Republicans are showing openness to another round of direct payments to individuals. House Democrats in their May bill proposed repeating the $1,200 payments to individuals making less than $75,000 per year, with as much as $6,000 per family.
Mnuchin said Thursday that the talks would “seriously consider” a new round of direct payments. Asked what the current need is among American families, he replied: “I think it’s too early to tell, and that’s the reason why we’re waiting.”
Trump on Wednesday endorsed the idea, telling Fox Business, “I want the money to get there quickly and in a non-complicated fashion.” And the amount, he said, should be larger than what Democrats have proposed, though he wasn’t specific.
That aligns him with liberal Democrats, who have also proposed government-funded hazard pay for essential workers and direct housing assistance, which should ease the way for it to be included.
Yet some of Trump’s most conservative allies like Ted Yoho of Florida said this week they want no more relief spending at all. Lawmakers said the final bill could tighten provisions to restrict it to low-income individuals or a requirement that applicants show income losses to get the aid.
The employer liability shield that McConnell calls his “red line” in stimulus negotiations will be contentious in negotiations with Democrats.
Texas Senator John Cornyn, who is drafting the liability language for release in July, said in an interview this month that it would allow employers to choose which government coronavirus safety guidelines to follow in order to be shielded from lawsuits if their customers or workers contract the virus.
Employers could look to the best available guidance, whether it be from the federal Centers for Disease Control and Prevention or a different federal, state or local governmental entity. Cornyn said there are conflicts among the safe-practices guidelines available to employers, and that companies should be allowed to make their own determination.
The White House also is behind liability limits, with Mnuchin citing it again Thursday as a priority.
House Speaker Nancy Pelosi and Schumer have said they won’t agree to a lawsuit immunity provision for employers that is crafted too broadly. They are seeking to prod the administration to issue detailed Covid-19 guidance to employers on how to safely protect their workers.
State and local aid
Democrats in both chambers say state and local governments need about $1 trillion in aid, about the same amount Republicans say they’re willing to spend on an overall stimulus plan. They are backed by many governors and mayors, who’ve warned that millions of public employees, including essential workers, could lose their jobs because tax revenue has fallen while expenses have risen.
Republicans, particularly McConnell, have suggested such aid would amount to a gift to Democratic-led states that were facing budget pressures even before the pandemic.
The White House has opened the door to some state aid, specifically for expenses directly related to the pandemic, but has indicated it doesn’t want the measures to turn into a rescue for states with pre-existing financial pressures, such as pension shortfalls.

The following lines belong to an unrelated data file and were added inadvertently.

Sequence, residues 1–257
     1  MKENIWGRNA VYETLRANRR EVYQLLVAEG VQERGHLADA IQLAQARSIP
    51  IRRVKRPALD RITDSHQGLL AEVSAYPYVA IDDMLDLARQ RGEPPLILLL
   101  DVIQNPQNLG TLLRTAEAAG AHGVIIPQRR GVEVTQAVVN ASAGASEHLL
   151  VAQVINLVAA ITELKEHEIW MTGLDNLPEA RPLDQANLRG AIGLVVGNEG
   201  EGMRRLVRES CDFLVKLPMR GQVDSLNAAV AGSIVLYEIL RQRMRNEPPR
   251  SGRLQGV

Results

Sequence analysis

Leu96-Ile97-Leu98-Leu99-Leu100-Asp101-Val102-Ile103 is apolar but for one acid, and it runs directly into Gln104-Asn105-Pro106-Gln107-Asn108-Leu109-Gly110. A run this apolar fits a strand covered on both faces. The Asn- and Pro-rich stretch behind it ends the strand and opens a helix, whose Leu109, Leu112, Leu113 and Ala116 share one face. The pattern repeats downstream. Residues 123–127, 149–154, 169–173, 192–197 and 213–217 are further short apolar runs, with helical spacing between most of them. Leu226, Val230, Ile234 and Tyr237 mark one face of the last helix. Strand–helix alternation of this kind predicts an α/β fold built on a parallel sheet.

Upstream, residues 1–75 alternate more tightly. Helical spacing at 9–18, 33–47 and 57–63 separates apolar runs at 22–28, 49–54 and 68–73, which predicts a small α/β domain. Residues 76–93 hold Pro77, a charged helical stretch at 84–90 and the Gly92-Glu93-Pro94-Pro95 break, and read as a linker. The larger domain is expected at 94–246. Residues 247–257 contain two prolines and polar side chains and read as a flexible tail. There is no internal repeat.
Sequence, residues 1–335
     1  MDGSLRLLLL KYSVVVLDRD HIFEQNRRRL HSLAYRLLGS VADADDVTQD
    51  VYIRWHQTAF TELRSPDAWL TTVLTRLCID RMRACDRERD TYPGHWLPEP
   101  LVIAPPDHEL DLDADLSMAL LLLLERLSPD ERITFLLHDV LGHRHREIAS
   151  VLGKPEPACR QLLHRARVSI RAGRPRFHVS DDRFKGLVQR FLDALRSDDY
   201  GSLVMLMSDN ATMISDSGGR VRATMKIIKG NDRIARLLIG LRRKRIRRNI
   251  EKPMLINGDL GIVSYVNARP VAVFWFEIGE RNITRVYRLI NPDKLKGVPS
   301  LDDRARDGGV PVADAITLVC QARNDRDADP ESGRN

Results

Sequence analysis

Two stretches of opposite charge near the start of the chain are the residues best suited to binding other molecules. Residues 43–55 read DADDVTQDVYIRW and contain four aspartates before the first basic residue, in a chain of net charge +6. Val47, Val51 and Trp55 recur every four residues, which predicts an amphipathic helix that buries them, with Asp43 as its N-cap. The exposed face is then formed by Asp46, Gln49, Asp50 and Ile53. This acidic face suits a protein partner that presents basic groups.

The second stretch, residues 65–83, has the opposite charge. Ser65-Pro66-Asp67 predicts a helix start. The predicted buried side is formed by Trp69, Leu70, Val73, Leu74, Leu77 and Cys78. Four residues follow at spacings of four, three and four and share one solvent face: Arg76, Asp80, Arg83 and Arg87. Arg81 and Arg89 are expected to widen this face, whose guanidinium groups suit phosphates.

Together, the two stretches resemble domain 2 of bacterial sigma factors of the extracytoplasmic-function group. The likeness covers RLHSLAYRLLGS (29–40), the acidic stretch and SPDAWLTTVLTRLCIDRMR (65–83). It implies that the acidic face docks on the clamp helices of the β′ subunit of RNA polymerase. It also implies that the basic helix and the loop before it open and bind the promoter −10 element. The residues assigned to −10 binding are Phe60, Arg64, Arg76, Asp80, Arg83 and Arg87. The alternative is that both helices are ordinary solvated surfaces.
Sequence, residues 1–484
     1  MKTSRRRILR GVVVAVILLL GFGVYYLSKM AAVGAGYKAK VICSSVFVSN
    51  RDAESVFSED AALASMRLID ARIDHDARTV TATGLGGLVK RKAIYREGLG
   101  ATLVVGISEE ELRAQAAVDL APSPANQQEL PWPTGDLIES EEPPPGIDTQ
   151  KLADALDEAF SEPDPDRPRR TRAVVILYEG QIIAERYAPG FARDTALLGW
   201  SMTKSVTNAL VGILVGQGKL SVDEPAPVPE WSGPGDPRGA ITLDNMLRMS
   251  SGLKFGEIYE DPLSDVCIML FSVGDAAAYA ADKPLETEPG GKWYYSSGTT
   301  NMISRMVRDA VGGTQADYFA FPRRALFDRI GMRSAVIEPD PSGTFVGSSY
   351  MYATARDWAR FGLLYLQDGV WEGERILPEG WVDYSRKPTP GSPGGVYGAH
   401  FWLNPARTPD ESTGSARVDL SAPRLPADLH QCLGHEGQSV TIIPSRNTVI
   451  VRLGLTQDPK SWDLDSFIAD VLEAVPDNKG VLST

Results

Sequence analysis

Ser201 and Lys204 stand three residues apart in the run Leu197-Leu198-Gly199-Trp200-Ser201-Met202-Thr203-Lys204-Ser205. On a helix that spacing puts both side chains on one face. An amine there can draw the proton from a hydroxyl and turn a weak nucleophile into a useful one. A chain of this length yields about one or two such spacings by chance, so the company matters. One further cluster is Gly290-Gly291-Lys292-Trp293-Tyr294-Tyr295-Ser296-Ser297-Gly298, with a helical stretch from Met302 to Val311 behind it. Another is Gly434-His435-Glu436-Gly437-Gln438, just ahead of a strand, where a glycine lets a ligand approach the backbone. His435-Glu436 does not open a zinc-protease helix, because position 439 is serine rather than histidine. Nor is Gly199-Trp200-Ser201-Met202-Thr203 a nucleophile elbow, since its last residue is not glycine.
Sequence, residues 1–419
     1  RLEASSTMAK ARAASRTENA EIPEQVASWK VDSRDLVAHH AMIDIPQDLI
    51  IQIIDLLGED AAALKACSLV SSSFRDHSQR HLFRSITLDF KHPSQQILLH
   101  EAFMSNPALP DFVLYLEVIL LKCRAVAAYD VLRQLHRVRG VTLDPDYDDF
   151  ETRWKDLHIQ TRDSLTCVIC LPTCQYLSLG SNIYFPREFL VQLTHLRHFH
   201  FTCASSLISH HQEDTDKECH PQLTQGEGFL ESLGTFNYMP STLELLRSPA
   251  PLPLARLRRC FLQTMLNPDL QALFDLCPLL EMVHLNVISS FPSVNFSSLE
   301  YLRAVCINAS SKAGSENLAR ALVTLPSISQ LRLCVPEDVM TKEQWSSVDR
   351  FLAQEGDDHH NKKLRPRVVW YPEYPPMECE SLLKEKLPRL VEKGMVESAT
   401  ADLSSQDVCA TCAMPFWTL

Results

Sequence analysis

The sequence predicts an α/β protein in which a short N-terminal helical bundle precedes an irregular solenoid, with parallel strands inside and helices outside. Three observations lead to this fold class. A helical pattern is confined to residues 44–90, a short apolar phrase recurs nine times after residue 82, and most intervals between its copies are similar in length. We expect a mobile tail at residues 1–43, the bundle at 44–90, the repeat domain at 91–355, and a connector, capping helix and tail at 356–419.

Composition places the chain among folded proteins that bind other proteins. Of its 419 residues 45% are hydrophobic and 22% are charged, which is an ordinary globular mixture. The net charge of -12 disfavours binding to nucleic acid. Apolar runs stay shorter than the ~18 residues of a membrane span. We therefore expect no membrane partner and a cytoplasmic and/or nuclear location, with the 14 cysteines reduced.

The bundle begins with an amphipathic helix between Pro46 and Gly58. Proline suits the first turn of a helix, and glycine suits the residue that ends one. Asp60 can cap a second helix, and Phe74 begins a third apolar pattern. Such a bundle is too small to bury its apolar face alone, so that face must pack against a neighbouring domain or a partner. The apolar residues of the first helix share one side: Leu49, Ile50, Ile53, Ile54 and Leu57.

“I don’t think the Republicans want to be in a position where they bail out states that are, that have been mismanaged over a long period of time,” Trump told the New York Post in May.
Mnuchin said Thursday that he’d consider including state and local aid.
Health care and infrastructure
The bill is likely to have some provisions to finance direct efforts to fight the COVID-19 pandemic but the shape of that is very much in dispute. Pelosi has called for a massive expansion of testing and contact tracing as well as a national response plan, and the House bill has $75 billion for this effort.
Senator Roy Blunt of Missouri is taking the lead in crafting a Republican proposal for this aspect of the bill. He said Wednesday that the stimulus legislation would contain a robust health care section that addresses testing and vaccine development.
“We are going to be asking what kind of money do you need once you have vaccines particularly and tests and therapeutics as well that they are generally free and fairly available to people,” he said.
Portman said the recent jump in cases in many states has more Republicans embracing the idea of a strong infusion of funds into health care. “There’s a realization that we need to do more,” he said.
While there has been much enthusiasm — expressed by Trump and others — of putting infrastructure spending in the next round of virus relief, that is appearing less and less likely to be included. Some Republicans argue the economic benefits of spending on projects such as roads and broadband would be too slow to give the economy the quick jolt needed.
Mnuchin also said they’ll consider funding for schools.
“We want to make sure that kids are safe,” he said, adding he thinks most schools will be able to reopen safely. “If there is money that schools need to spend to safely have people in classrooms, social distance, spread things out, change hours, these are all the things we’re looking at.”
— With assistance from Skylar Woodhouse